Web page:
Fox News dedicated hours of coverage on Wednesday to praise for Rush Limbaugh, the right-wing talk radio star whose aggressive and often divisive rhetoric helped pave the way for the network’s prime time hosts.
With Harris Faulkner and Bill Hemmer at the anchor desk, conservative media and political figures called in to offer tributes to Mr. Limbaugh, who died on Wednesday at 70.
Sean Hannity said “there is no talk radio as we know it” without Mr. Limbaugh.
“It just doesn’t exist,” he said on Fox News. “And I’d even make the argument in many ways, there’s no Fox News or even some of these other opinionated cable networks.”
Tucker Carlson said Mr. Limbaugh came “out of nowhere” and became the voice of conservatism and the savior of AM radio. “Here was a guy who took the oldest of mass communication media and turned it into the most powerful force in American politics, and he did it purely out of talent,” he said.
Former President Donald J. Trump said in a call to Fox News that he had last spoken with Mr. Limbaugh three or four days ago. “People, whether they loved him or not, they respected him, they really did,” he said. Mr. Trump also repeated the baseless claim that he had won the election. “Rush thought we won, and so do I, by the way,” he said. “I think we won substantially.”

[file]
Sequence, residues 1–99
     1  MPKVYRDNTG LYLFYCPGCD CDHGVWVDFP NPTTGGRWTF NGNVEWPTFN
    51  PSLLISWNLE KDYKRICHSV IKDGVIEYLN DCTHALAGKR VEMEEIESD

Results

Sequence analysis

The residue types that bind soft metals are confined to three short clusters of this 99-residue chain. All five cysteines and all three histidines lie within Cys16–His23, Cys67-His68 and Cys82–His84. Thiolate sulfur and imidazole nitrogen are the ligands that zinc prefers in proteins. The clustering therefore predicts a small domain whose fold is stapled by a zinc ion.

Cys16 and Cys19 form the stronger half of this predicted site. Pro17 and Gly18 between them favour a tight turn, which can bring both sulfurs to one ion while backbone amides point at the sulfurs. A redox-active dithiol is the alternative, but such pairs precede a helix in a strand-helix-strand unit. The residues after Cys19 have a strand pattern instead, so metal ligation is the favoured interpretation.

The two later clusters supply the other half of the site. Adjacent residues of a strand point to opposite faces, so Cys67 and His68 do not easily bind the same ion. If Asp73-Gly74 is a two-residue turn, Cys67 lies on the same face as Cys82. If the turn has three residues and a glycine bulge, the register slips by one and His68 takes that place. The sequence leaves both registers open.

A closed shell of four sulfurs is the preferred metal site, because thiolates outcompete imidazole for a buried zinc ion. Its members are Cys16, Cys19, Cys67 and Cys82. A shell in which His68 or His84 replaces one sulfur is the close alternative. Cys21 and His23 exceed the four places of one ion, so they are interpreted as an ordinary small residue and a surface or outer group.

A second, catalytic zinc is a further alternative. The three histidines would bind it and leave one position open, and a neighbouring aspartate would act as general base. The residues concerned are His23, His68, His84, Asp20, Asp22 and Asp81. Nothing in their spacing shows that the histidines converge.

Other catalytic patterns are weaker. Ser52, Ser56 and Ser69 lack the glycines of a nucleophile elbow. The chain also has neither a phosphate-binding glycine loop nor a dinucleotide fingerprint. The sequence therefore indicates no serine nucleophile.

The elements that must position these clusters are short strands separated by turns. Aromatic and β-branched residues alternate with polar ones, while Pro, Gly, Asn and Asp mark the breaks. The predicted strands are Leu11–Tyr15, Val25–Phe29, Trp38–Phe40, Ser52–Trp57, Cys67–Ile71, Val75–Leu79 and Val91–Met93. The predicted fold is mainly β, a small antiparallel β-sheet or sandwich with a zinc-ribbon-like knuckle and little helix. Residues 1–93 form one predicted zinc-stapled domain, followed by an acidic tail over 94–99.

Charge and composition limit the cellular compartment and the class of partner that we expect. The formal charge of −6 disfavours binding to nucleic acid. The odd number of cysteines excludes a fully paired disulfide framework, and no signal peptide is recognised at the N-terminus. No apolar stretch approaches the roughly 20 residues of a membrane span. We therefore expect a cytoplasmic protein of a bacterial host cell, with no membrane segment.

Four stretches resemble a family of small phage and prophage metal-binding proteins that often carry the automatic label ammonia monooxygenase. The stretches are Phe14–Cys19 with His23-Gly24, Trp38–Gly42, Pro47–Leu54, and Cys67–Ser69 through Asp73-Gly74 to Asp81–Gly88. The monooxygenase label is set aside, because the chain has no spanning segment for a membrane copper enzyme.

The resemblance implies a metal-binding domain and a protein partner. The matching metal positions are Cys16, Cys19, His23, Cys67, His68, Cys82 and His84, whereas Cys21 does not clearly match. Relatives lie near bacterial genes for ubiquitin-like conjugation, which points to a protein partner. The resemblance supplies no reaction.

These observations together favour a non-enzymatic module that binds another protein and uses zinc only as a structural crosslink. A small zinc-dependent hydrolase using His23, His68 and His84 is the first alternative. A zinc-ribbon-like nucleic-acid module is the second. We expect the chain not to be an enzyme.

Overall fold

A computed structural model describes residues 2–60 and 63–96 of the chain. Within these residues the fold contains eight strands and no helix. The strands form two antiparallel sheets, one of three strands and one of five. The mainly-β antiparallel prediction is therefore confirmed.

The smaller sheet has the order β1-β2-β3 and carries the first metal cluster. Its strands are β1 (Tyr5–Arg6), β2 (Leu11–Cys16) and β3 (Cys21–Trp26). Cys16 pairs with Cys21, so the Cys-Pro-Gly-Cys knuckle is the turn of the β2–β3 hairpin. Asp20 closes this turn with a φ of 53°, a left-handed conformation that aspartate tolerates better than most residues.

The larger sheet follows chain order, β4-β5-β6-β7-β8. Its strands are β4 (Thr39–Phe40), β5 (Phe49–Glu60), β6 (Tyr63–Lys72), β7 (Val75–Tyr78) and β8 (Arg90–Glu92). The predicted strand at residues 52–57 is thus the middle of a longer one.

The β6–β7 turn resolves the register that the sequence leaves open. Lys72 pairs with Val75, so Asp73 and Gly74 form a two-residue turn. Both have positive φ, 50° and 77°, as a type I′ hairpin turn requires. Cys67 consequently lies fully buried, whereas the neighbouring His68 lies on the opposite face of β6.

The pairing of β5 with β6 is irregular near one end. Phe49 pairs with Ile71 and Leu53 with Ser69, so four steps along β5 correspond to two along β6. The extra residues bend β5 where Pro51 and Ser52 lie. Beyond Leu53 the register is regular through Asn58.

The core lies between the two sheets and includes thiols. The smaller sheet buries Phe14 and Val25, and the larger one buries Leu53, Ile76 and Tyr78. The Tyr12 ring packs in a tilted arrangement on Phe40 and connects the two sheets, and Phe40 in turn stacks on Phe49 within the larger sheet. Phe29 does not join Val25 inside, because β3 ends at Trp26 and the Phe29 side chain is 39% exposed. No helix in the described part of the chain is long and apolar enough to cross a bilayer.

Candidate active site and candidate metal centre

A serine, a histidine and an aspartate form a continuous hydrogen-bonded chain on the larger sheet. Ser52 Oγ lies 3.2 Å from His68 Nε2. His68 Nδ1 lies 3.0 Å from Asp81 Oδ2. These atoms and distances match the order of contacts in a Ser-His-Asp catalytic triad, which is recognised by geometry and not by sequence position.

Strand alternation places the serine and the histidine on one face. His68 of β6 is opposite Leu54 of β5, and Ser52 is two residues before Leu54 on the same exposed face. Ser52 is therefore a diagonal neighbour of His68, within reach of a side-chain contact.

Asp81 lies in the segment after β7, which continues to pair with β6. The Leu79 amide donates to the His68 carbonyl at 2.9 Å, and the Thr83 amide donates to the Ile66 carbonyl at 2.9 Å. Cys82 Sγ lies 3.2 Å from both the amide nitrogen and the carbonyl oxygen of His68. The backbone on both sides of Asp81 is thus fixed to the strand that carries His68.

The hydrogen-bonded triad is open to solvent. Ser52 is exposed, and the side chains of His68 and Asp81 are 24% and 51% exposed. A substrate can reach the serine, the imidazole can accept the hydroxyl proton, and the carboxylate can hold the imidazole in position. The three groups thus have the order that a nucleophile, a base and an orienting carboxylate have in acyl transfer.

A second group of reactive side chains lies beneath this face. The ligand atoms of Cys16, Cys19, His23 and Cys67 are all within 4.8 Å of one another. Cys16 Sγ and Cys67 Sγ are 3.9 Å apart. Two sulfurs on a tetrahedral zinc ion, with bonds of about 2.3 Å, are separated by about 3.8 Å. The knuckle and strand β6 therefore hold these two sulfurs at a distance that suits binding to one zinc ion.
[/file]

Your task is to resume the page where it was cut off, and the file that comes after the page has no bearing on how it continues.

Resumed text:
The broadcast included footage of Mr. Trump’s presenting Mr. Limbaugh with the Presidential Medal of Freedom, the nation’s highest civilian honor, during the State of the Union address last February. Former Vice President Mike Pence, himself a former talk radio host, also called in to say that Mr. Limbaugh “made conservatism fun.”
In his long career, Mr. Limbaugh often referred to feminists as “feminazis”; lost his commentary role on ESPN in 2003 after he said that Donovan McNabb, a Black quarterback for the Philadelphia Eagles, had received too much credit for his team’s success because of his race; and hung up on callers to his radio show with something he called “caller abortions,” an audio montage of a vacuum cleaner sound and human screams. In 2012, he repeatedly attacked Sandra Fluke, a law student who testified at a congressional hearing on birth control, calling her a “slut” and a “prostitute” on his radio show.
When Barack Obama ran for president in 2008, Mr. Limbaugh promoted the falsehood that Mr. Obama had been born outside the United States and lent support to Mr. Trump’s recent claims of election fraud. On his Dec. 23 program, he acknowledged his influence on Fox News.
“And then I got some help starting in 1996,” he said, referring to the year the cable news channel started. “Here comes Fox! Proud of that.”